Are there other domain names connected to the malicious footprint? We aim to answer this question in this part of our research.
We looked up the IP addresses from our datasets on our passive DNS database to identify all resolving domain names. That allowed us to identify thousands of new domains, many of which did not seem related to the pandemic judging by their name.
So, we proceeded by filtering only those connected domains that contained some variations of the terms “coronavirus” or “covid” in them. That gave us an additional 1,018 domains that shared 604 unique IP addresses. Those IP addresses were shared by between a minimum of 2 domains and a maximum of 280 from 4 January 2019 to 28 March 2020.
- 151[.]101[.]65[.]195: Used by 280 domains, including covid-19[.]direct, covid-19[.]kucza[.]xyz, and covid-19[.]london.
- 91[.]195[.]240[.]94: Used by 172 domains, including acoronaviruscure[.]com, covid19testemunhos[.]pt, and mail[.]acercacovid-19[.]pt.
- 185[.]253[.]212[.]22: Used by 108 domains, including coronavirus-sklep[.]pl, covid-19[.]london, and covid-19[.]luasoftware[.]com.
The above representation tells us that some IP addresses did resolve to a lot of coronavirus-themed domain names at some point. A possible reason for this is bulk registration, where a given hosting provider just allocated the same IP address out of operational convenience (likely because a significant share of these domains were registered on the same date by the same person).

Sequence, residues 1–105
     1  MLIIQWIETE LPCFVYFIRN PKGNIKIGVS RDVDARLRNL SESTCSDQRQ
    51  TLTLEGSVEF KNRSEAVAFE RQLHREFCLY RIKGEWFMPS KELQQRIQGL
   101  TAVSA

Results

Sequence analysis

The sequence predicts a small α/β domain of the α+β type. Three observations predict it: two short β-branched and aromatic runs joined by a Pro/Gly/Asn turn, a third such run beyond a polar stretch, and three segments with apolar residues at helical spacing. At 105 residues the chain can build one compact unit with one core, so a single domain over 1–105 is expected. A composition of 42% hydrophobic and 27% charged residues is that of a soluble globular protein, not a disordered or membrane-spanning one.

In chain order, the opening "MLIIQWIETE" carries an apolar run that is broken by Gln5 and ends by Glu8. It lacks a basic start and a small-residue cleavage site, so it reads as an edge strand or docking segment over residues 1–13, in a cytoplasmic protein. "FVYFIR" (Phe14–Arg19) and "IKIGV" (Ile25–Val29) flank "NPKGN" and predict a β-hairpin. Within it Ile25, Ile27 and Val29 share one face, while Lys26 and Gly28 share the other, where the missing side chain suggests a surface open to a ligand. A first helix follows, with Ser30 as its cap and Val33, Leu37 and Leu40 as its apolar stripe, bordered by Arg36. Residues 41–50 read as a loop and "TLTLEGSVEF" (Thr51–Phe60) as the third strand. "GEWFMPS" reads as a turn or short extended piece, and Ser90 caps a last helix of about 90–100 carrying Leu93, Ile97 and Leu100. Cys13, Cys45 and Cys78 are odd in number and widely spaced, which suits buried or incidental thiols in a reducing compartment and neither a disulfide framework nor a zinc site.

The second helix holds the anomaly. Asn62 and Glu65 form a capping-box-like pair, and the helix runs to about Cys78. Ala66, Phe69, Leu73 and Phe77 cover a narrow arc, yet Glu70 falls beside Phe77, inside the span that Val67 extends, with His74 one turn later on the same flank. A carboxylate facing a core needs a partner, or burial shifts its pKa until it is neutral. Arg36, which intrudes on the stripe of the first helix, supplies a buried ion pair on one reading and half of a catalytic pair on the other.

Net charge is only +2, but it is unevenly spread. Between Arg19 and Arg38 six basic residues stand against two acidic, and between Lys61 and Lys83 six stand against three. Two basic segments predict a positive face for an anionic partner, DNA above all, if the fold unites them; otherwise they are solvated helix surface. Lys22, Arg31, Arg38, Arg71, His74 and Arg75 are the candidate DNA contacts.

Part 3: Infrastructure Analysis Using Reverse IP/DNS Intelligence
What more can be said about the infrastructure of some of the above-mentioned domain names? This section shows what kind of insights can be gathered from reverse IP/DNS intelligence.
Reverse IP/DNS API gives users a complete list of all the domains hosted on an IP address. In this particular scenario, ties to any of the malicious or suspicious coronavirus- or COVID-19-themed domains can be a reason for blacklisting.
We chose the domain corona-virus101[.]com from the dataset as an example. According to its WHOIS record, corona-virus101[.]com was created on 12 March 2020 by a U.S.-based registrant with GoDaddy.com Inc. To obtain its corresponding IP address, we ran corona-virus101[.]com on DNS Lookup API.